Marriage Therapist Shares The Number One Complaint That Comes Up For Couples

Mason Joseph Zimmer
marriage therapist puts her chin in her hand and stares into camera
TikTok | @corrinthecounselor

Although many people can recognize when their partners are engaging in weaponized incompetence, one marriage therapist is saying that the division of household labor doesn't have to be quite that one-sided to come up in couple's counseling.

For those who are unaware, weaponized or strategic incompetence describes behavior in which one person in a relationship intentionally does a household chore poorly so their partner won't ask them to do it again.

Through this behavior, they can not only ensure that their partner handles as much of the housework as possible but also create the impression that they would help more if only they were capable of doing so.

And while this is a common problem in marriages, it can often get lost in the shuffle of other issues because as some marriage therapists have found, it's surprisingly common for couples to put off serious discussions of other issues like money or whether they'll want children until after they're married.

Yet not only does housework eventually come up when couples do agree to counseling, but compatibility issues around it can be subtler than we might have expected.

In a TikTok video from late last year, marriage therapist Corrin Voeller shared the one of the most common complaint she hears when couples are hashing out their issues.

marriage therapist discussing the division of household duties
TikTok | @corrinthecounselor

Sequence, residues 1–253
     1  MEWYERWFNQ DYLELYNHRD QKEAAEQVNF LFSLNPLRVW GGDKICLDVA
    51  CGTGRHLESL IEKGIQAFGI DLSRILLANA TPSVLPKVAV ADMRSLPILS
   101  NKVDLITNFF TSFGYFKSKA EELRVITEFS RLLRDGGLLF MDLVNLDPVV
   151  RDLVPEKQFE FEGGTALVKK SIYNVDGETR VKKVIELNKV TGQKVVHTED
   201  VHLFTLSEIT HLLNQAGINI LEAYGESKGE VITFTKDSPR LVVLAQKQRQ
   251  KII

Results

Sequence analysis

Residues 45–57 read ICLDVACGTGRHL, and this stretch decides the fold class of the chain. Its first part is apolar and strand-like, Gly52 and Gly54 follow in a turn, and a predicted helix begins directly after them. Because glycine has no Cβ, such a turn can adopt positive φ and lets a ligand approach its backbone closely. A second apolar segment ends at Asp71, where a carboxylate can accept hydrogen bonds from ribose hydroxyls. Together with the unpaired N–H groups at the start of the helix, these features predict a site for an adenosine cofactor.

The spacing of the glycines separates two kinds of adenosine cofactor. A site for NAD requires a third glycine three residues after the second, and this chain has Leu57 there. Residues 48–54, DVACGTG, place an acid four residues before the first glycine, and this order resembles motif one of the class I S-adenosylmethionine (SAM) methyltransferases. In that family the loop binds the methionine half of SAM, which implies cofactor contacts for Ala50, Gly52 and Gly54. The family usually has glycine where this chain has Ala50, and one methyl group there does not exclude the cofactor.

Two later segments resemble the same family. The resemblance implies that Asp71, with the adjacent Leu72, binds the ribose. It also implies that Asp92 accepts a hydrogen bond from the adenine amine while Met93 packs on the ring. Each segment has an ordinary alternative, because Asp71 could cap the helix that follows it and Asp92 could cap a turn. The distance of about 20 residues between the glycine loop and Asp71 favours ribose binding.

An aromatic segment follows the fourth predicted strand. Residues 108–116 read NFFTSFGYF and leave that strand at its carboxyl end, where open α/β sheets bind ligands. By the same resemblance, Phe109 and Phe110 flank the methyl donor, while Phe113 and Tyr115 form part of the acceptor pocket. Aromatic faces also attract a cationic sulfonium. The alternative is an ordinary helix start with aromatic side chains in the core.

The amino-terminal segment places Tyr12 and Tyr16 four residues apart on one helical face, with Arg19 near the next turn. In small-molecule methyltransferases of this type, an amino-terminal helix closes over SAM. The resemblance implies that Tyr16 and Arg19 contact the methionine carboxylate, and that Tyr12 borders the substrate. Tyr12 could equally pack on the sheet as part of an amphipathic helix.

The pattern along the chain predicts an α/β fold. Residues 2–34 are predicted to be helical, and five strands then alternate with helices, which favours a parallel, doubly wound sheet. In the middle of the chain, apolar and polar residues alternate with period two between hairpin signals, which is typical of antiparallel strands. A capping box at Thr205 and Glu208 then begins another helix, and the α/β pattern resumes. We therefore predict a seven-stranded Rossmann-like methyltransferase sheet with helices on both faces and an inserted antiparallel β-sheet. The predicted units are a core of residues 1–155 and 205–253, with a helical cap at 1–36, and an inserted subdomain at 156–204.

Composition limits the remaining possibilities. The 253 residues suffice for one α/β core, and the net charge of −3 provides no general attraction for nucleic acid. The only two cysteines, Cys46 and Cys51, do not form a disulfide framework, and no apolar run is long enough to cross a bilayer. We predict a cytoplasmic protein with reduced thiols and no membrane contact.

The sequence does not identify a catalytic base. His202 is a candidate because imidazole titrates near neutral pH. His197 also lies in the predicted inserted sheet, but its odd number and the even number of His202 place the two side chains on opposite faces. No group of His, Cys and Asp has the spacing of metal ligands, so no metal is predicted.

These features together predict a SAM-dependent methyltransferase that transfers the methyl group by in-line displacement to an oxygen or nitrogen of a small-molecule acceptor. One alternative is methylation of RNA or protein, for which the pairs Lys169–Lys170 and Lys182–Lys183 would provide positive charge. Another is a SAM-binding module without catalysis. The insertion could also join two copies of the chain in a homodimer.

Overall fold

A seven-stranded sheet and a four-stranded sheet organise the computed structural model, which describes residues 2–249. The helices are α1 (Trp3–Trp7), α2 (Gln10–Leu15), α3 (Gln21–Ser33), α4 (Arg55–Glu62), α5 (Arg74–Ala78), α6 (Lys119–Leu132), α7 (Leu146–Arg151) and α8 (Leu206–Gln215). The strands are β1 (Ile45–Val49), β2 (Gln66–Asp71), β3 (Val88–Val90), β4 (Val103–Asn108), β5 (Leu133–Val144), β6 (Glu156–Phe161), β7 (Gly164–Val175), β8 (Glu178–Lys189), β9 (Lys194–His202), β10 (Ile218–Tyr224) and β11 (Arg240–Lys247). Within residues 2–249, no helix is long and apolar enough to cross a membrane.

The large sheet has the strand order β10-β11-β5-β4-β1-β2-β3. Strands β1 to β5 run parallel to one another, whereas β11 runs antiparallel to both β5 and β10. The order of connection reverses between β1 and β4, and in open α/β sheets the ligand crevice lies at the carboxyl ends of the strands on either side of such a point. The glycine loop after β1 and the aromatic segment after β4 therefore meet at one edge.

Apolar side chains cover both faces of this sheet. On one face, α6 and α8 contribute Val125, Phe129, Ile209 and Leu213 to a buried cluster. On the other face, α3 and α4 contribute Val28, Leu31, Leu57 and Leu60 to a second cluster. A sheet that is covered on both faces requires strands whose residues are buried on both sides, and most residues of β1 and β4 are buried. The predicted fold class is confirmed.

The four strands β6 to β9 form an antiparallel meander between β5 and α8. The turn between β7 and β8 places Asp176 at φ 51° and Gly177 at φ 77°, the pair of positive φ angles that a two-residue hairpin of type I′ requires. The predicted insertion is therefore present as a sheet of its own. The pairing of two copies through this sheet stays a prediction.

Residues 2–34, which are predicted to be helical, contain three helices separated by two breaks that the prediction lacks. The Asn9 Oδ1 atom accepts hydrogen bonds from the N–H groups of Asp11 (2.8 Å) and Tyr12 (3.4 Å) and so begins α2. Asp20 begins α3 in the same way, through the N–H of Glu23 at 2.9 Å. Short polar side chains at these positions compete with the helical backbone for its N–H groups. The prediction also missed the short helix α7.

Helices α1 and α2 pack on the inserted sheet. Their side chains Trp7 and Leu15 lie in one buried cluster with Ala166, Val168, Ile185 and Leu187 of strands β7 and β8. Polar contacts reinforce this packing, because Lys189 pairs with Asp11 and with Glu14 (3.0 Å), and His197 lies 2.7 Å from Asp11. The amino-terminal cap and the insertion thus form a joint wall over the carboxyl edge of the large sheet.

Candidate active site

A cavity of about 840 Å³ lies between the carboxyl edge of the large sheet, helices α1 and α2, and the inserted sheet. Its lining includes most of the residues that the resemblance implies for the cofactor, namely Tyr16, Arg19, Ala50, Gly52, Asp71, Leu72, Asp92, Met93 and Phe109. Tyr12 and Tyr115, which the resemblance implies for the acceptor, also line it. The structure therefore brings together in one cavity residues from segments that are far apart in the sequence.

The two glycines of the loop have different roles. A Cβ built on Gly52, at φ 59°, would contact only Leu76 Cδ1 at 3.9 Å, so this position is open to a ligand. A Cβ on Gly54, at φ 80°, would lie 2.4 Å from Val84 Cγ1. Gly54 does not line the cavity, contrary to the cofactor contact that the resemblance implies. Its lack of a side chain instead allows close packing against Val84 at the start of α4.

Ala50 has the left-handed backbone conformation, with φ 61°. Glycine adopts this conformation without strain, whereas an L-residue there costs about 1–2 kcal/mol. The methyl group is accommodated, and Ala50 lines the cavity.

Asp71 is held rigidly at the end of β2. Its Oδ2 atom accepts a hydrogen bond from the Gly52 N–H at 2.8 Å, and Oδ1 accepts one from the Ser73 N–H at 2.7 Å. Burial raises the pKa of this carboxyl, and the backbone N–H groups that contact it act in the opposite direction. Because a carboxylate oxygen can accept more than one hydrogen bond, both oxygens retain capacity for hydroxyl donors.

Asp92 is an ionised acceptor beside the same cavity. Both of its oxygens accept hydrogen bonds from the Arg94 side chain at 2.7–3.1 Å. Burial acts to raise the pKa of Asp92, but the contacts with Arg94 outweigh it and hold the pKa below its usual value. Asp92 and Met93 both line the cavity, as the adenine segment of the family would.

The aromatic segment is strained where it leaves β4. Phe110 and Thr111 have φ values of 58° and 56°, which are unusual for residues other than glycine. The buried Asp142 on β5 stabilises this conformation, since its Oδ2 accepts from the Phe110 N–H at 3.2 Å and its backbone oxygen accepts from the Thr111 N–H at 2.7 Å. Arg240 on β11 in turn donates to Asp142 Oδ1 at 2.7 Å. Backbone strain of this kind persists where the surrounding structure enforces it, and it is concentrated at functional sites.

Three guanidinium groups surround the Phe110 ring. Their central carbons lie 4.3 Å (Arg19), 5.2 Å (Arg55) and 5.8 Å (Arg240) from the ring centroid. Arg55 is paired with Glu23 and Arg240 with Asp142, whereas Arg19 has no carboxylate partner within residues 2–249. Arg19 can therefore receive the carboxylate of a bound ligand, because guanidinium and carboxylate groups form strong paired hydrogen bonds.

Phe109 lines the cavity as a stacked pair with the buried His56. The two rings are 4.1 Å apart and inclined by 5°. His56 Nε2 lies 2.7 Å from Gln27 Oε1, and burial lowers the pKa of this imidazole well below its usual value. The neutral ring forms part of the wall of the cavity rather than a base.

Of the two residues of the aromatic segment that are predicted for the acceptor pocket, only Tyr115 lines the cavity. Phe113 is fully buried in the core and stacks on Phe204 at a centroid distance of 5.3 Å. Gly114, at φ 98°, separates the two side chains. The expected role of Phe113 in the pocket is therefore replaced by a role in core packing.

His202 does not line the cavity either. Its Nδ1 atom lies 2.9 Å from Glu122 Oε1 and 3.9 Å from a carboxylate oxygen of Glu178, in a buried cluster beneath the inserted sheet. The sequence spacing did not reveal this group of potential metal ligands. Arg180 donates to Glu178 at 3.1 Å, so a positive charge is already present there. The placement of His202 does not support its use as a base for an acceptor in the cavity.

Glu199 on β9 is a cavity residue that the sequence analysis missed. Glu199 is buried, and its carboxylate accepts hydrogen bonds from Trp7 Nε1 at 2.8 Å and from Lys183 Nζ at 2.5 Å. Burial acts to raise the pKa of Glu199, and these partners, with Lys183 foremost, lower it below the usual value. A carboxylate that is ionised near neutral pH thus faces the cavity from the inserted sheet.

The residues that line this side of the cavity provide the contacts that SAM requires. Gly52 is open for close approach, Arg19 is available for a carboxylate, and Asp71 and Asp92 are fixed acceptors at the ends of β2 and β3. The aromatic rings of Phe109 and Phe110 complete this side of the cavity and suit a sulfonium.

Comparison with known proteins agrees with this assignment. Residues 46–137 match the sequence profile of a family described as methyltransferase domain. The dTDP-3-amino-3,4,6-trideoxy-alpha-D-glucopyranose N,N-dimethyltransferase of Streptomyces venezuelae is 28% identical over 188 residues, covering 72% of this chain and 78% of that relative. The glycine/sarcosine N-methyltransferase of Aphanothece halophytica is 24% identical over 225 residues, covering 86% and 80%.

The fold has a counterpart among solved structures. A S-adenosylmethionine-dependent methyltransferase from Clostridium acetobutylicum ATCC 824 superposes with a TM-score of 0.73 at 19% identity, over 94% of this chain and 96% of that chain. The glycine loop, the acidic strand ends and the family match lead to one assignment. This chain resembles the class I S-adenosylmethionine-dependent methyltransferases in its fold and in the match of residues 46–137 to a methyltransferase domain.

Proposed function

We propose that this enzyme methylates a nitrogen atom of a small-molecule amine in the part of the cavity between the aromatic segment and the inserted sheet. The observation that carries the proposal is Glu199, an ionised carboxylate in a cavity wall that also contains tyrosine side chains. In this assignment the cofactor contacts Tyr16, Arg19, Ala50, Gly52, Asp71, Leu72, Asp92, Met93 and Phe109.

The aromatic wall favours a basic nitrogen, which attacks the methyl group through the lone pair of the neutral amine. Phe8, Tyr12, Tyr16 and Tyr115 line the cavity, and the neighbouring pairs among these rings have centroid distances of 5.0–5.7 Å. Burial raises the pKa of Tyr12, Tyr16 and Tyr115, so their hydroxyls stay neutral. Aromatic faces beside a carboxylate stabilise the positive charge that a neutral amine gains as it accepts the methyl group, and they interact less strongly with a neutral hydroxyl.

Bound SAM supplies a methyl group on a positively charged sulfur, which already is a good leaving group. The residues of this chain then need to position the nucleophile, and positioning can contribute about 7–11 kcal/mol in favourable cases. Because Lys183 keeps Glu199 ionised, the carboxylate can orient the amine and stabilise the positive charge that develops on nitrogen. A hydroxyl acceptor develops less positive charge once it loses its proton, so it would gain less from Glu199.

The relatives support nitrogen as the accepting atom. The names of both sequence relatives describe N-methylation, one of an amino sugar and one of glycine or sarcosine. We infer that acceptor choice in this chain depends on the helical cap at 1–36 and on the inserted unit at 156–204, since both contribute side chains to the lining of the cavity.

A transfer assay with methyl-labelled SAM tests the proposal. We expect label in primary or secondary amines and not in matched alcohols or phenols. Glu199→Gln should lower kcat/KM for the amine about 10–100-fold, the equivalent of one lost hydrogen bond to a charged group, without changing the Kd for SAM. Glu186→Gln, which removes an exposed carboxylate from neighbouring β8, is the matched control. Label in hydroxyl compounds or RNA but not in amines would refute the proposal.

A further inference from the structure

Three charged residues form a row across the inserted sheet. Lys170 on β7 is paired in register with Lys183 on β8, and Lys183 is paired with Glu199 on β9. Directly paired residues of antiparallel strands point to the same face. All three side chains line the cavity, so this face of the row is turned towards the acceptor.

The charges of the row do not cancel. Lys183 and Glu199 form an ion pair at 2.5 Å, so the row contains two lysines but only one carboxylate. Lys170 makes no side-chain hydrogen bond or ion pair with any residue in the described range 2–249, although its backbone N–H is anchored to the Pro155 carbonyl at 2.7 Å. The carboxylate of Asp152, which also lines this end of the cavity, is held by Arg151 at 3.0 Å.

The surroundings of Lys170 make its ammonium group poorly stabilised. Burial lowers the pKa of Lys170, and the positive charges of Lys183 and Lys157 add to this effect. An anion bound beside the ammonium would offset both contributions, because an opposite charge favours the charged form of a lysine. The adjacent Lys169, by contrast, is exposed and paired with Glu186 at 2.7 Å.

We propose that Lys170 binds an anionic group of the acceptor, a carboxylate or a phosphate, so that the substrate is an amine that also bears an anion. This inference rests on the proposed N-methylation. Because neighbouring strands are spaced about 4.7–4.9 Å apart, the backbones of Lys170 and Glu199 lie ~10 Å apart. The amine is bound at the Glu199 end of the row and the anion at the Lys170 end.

As she discussed, these complaints tend to come from women and she described the behavior their husbands show as being passively responsible for household duties and childcare.

Of course, to understand that complaint we must first break down the difference between active and passive responsibility.

As Voeller described it, someone who shows active responsibility looks around the house for things they could do and taking responsibility for getting them done.

Harvey Keitel introducing himself as Winston Wolf in Pulp Fiction
youtube | Paramount Pictures

By contrast, passive responsibility means being available and able to help but waiting for somebody else to tell you what needs to be done.

It's unlike weaponized incompetence in that the work in question gets a genuine effort and generally acceptable performance by the person in question. Nonetheless, it isn't self-started.

Voeller followed up this explanation by asking, "Are you taking passive responsibility or active responsibility for the things that need to get done?"

marriage therapist puts her chin in her hand and stares into camera
TikTok | @corrinthecounselor

Because while many of the women she works with are looking for a partner who is actively responsible for the house and children, they've often found that their husbands' approaches better match the description of passive responsibility.

For many commenters, this video described a phenomenon that they have found frustrating but hadn't thought of through this lens before.

And as Insider reported, it led at least a few users to recognize how they could do better. As one put it, "Wow! I guess I'm passive and my husband is active. I feel bad but I am changing that about myself."

As for those on the other side of this equation, one woman shared how she explained to her husband why his passive responsibility was so frustrating for her. In her words, "If you do things at work how you do them at home, you would’ve been fired already."

That's an interesting way of putting it since institutions in certain professional fields have apparently been working out ways to encourage active responsibility among their employees for years.